“A system based on the recognition of this mutually complementary nature of the different ideals of mankind, their essential harmony, a system which devises laws which removes the disharmony and enhances their mutual usefulness and cooperation, alone can being peace and happiness to mankind; can ensure steady development” (Integral Humanism – page 39). Indeed, it is this organic concept of the nation that, it his view, has been the ideal that kept alive the Indian nation through the vicissitudes of time. It is its unique contribution to political philosophy. His major philosophic argument against the ruling political elite of his time was his conviction that they advocated western notions of society and, in the process, undermined the integral unity that has sustained Bharatiya civilization.

He was far less committed to traditional institutions than Gandhi. His writings are sprinkled with attacks on the caste system, as practiced. In his view, all institutions are derivative and, when they cease to fulfill the integrating function, they should be revised or abandoned. It is not surprising that orthodox Hindus were among the major critics of the Jan Sangh.

Gandhi’s political object was Swaraj (self-rule). But he interpreted Swaraj as more than mere independence from the British; it carried the meaning of an all-embracing self-sufficiency down to the village level. Self-sufficiency translated into a concrete program of action that led him to espouse Swadeshi (self-reliance) and the central effort during the years of the nationalist struggle for Swaraj lay in the propagation of Khadi (hand-spun cloth). Swadeshi served not only an economic function in actual supply of cloth; it also carried significant ideological implications. It was the central piece of his elaborate constructive work program. It was the symbolic representative of his effort against centralized industry and urbanization which he thought degraded the worker. (These products of modernization were attacked vigorously in his tract – Hind Swaraj, written in 1909). His condemnation of western materialism led him inevitably to support the concept of self-governing village communities and a simple low-technology system of production.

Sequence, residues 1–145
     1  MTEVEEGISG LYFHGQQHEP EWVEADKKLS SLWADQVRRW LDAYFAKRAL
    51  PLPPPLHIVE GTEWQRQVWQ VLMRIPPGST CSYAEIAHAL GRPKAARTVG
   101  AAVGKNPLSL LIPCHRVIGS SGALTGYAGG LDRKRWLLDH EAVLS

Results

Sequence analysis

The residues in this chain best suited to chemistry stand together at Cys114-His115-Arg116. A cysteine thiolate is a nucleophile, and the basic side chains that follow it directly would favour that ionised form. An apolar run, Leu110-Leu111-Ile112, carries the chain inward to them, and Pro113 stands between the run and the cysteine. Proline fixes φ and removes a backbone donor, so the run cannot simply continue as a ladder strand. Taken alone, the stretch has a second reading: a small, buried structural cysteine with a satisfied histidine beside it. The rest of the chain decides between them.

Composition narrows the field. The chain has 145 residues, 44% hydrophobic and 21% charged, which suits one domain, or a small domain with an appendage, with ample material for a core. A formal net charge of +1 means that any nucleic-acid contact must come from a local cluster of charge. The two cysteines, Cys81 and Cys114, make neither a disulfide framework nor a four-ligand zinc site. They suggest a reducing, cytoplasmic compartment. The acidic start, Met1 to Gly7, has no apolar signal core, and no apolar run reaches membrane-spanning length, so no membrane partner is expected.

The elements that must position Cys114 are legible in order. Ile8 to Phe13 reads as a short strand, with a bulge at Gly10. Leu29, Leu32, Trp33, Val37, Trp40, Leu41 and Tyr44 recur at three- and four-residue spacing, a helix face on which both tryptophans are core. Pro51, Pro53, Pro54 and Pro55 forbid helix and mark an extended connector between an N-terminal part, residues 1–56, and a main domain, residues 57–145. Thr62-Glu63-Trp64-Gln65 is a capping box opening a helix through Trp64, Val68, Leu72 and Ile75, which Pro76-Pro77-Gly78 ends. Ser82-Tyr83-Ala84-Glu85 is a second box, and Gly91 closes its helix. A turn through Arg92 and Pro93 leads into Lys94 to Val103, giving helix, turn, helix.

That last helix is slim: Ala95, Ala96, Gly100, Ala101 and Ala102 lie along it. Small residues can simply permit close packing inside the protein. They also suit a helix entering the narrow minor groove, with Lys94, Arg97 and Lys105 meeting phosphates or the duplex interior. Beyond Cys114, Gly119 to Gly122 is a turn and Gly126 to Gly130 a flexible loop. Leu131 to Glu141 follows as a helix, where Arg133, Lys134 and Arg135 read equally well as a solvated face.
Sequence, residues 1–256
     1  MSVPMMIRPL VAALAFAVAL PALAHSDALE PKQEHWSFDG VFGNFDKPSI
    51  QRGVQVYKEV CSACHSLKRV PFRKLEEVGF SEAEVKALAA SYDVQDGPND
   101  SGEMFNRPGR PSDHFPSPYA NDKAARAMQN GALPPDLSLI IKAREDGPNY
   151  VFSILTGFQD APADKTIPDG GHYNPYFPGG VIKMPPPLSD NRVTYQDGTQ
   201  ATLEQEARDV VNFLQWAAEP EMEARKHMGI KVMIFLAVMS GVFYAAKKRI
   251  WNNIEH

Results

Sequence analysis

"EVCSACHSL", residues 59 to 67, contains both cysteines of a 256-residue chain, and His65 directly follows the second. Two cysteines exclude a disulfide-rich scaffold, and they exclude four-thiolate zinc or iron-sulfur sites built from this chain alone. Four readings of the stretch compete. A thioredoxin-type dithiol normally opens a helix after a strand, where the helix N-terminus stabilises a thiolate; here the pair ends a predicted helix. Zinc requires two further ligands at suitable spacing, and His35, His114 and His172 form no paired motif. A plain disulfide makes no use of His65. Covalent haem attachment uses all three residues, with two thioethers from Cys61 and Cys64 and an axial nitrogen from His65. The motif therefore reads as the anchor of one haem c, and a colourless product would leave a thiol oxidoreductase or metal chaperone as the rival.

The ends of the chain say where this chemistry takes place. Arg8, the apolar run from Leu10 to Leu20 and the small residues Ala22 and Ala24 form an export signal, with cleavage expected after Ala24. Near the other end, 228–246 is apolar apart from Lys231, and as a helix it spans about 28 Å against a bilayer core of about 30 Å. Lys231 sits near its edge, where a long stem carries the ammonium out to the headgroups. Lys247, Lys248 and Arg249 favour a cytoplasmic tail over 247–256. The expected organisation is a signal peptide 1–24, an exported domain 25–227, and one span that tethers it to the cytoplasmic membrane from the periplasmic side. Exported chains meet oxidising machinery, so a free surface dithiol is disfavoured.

Upadhyaya’s writings demonstrate a comparable outrage against the effects of westen models of development. In a series of lectures in Poona in 1964 on Integral Humanism, later adopted as the official ideological statement of the Jan Sangh, he lashed out at both Socialism and Capitalism. “Democracy and Capitalism join hands to give a free reign to exploitation. Socialism replaced Capitalism and brought with it an end to democracy and individual freedom” (Integral Humanism – page 10). In their place, he proposes a model that takes into consideration all aspects of the human condition, “body, mind, intelligence and soul – these four make up an individual”. (Ibid – page 24). In practical terms,, the notion translated into a decentralized economy and political system in which citizens have a meaningful voice in the production process and in their own governance. This populist conception assumes a leveling in both economic and political power. Marked differences in access to power or economic resources would undermine the harmony he believed to be the essential cement of the good society.